Learning is awkward, uncomfortable, frightening. At least that's what many adults think. Learning means admitting knowledge gaps, in a strange room, in front of strangers, to an instructor just met. Factor in prior school experiences, mandatory attendance and the dizzying pace of life and it's a wonder adults learn at all.
Fortunately, humor tackles these fears and overpowers them. When people laugh, they relax. They also share a moment of togetherness. Humor should, for these reasons, be a companion to any learning program.
But what's an unfunny trainer to do: become a comedian? Hardly. It's not necessary. Everyone is already funny. Your funniness is simply undiscovered. And trainees, for their part, are so desperate for humor that they will laugh at almost anything. Almost funny is good enough.
But even almost funny requires planning. That's where the acronym L-A-U-G-H can help. If you learn how to "laugh," your learners will too. To be funny, do the following.
The first step in discovering your natural humor is to Lighten Up. Although funny is a result of natural tension, tense presenters stifle humor. When you tense, your learners tense. The few laughs that occur will likely be at your expense. Strive to present a carefree but focused approach. Relax and let the learners feel your relaxation. You're not the warden. Learning shouldn't feel like prison. Life is too short for dramatics anyway. Relax and your learners will too.
Having adopted a lighter attitude, amuse yourself. Laugh at the absurdities of life. There is plenty to be found in corporate life, government and relationships. In the learning environment, seek out the fun. Say that aside when it occurs to you (as long as you do not demolish your training time line).In general, have a good time.
Once you've relaxed, created a humor friendly environment and begun enjoying yourself in the training room, it's time to learn the formulas that make funny funny. All jokes are based on surprise. Simply put, a joke leads you down a path of expectations. The humor arises when the listener realizes that the joke is about something different than the initial expectations. This formula is universal. The more an item surprises a listener, reflects a truth in life and provides unexpected insight, the funnier it will be.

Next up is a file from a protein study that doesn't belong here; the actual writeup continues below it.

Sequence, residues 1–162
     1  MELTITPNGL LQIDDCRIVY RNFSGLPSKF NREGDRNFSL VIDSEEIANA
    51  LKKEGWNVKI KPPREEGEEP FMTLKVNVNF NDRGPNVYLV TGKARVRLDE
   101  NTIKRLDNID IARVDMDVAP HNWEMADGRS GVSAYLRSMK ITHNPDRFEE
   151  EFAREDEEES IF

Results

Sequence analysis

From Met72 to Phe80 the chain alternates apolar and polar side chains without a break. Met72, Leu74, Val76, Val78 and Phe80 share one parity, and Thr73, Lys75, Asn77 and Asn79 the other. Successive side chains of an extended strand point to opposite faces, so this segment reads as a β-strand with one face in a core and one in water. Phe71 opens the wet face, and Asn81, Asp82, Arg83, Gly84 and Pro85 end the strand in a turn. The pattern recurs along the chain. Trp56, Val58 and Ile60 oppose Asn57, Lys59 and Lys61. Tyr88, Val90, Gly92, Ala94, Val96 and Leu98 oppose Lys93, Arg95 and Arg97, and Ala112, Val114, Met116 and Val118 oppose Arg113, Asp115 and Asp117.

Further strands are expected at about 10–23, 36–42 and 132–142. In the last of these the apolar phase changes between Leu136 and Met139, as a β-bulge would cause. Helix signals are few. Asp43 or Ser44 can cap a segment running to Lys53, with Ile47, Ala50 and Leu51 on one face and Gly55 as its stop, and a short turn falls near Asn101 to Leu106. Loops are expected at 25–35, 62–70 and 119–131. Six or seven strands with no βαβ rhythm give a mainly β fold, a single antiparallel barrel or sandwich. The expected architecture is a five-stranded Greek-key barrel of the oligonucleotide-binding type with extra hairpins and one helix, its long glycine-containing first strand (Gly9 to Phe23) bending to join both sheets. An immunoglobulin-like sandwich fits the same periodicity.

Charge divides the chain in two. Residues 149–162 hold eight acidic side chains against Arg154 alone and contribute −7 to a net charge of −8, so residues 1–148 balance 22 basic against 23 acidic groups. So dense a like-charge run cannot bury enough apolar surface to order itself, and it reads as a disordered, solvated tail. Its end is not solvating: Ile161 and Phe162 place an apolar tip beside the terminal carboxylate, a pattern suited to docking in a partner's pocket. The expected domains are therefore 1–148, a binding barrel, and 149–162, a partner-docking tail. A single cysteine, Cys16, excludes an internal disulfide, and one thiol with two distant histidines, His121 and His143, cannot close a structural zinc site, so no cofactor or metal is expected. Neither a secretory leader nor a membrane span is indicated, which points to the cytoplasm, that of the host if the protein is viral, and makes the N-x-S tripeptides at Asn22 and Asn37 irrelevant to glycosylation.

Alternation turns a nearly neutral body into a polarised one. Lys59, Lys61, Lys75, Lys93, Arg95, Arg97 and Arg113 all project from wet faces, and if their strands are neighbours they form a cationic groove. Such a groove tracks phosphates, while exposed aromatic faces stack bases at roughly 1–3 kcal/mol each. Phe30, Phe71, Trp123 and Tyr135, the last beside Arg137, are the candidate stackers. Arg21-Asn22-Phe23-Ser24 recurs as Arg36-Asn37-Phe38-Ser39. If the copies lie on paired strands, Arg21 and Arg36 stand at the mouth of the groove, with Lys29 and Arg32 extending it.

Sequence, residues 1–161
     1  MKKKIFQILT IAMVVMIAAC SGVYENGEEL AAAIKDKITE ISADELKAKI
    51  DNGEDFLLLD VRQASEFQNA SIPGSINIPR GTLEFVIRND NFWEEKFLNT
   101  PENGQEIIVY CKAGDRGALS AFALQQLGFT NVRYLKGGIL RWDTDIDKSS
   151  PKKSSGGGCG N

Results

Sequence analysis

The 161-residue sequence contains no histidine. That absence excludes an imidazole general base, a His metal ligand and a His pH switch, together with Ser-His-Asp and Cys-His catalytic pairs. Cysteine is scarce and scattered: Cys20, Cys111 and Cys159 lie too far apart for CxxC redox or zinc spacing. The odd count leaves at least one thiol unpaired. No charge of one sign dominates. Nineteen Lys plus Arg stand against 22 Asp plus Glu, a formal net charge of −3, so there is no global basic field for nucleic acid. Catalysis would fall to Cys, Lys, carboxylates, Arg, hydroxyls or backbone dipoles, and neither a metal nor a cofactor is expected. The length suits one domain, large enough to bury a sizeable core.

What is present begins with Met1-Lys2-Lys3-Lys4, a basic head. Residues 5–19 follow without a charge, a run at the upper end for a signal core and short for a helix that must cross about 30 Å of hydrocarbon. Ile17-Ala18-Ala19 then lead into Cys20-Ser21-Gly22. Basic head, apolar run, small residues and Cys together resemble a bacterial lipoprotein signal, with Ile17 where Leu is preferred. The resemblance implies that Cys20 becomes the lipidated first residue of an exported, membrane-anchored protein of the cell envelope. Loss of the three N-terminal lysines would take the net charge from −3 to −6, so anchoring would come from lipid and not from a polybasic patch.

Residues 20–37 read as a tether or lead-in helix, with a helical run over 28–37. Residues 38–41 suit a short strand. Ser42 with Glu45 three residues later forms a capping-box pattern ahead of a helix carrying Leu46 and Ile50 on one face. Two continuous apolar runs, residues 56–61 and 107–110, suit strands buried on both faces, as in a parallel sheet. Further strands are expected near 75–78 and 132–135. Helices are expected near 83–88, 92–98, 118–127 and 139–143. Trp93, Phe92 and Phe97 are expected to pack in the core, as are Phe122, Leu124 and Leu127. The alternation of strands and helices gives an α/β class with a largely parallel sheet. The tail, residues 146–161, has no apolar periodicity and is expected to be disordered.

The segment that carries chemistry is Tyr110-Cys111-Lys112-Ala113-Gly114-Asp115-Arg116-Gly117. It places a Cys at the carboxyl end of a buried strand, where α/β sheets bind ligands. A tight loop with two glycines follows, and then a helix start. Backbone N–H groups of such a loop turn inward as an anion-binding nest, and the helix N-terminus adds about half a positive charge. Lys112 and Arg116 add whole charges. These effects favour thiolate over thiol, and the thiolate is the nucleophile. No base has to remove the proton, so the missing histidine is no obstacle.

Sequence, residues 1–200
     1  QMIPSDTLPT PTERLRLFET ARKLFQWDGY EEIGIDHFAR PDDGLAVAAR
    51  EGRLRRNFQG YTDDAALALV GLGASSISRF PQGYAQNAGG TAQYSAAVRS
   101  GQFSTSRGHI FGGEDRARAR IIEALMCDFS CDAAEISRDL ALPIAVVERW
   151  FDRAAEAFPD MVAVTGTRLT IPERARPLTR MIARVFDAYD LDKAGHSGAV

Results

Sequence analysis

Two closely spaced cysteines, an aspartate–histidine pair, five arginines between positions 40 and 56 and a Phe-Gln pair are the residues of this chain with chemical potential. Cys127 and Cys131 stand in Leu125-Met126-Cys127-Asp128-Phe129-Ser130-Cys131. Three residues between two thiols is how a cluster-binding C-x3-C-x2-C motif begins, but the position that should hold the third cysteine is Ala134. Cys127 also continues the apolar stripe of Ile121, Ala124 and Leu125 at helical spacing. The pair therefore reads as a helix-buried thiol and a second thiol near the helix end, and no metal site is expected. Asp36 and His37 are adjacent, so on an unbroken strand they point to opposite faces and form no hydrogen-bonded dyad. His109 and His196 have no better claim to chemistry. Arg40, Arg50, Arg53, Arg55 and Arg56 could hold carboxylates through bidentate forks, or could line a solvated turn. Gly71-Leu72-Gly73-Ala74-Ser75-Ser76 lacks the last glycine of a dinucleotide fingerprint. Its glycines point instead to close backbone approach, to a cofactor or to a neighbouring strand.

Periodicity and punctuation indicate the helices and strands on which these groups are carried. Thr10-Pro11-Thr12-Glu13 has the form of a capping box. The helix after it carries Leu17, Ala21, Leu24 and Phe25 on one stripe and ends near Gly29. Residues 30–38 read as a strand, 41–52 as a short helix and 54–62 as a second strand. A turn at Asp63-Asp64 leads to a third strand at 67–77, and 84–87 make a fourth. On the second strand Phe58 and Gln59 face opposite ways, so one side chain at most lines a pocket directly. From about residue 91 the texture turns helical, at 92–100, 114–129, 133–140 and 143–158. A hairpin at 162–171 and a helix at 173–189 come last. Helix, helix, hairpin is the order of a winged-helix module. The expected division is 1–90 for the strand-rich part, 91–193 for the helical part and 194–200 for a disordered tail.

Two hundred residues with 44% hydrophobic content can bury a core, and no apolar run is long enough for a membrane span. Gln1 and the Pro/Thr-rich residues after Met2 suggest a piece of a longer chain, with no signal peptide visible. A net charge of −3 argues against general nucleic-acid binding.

The best way to understand humor is to watch the pros. Jay Leno and his writing staff are masters. They use the same formulas night after night to great laughs. You don't even have to stay up late.
Once you understand the basic formula, the next step is to gather material. It is not a good idea to tell jokes in the classroom. You can, however, use the formula to come up with your own humorous asides and situations. The process most comedians use is trial and error. They will insert a new line into their show. If it gets a laugh they'll keep it. If it doesn't, they change it and try it again. If it gets a small titter, they will tweak it and try it again. They will continue honing and refining it with each delivery, searching for ways to make the line funnier. They'll add words. They'll take out words. If it gets less of a laugh the next night, they'll revert to the delivery they used the night before. They'll keep tweaking until the titter becomes a belly laugh. And most importantly, if no one laughs, they'll cut it. In this way, you can hone your material. Eventually, you'll have a line you can count on every time.
Handle With Care
Humor is dangerous. Some subjects are simply not acceptable. Religion. Politics. Race. Age. Nationality. Disabilities. Your learners. A good rule of thumb is to laugh at yourself. Never insult your trainees, your bosses, your organization or your fellow trainers. One wrong comment can ruin the whole event.
If you follow the steps I've outlined, you too can be funny. Nothing but your own fear prevents you from being the natural comic you are. So, make learning accessible, not awkward. Make it irresistible, not uncomfortable. Make it fun, not frightening. Learn how to L-A-U-G-H.
Lenn Millbower, BM, MA, the Learnertainment® Trainer is an expert in applying show biz techniques to learning. He is the author of the ASTD Info-Line, Music as a Training Tool, focused on the practical application of music to learning; Show Biz Training, the definitive book on the application of entertainment industry techniques to training; Cartoons for Trainers, a popular collection of 75 cartoons for learning; Game Show Themes for Trainers, a best-selling CD of original learning game music; and Training with a Beat: The Teaching Power of Music, the foremost book on the application of music to learning. Lenn is an in-demand speaker, with successful presentations at ASTD and SHRM; a member of NSA, a creative and dynamic instructional designer and facilitator formally with the Disney University and Disney Institute; an accomplished arranger-composer skilled in the psychological application of music to learning; and the president of Offbeat Training®, infusing entertainment-based techniques into learning to keep 'em awake so the learning will take!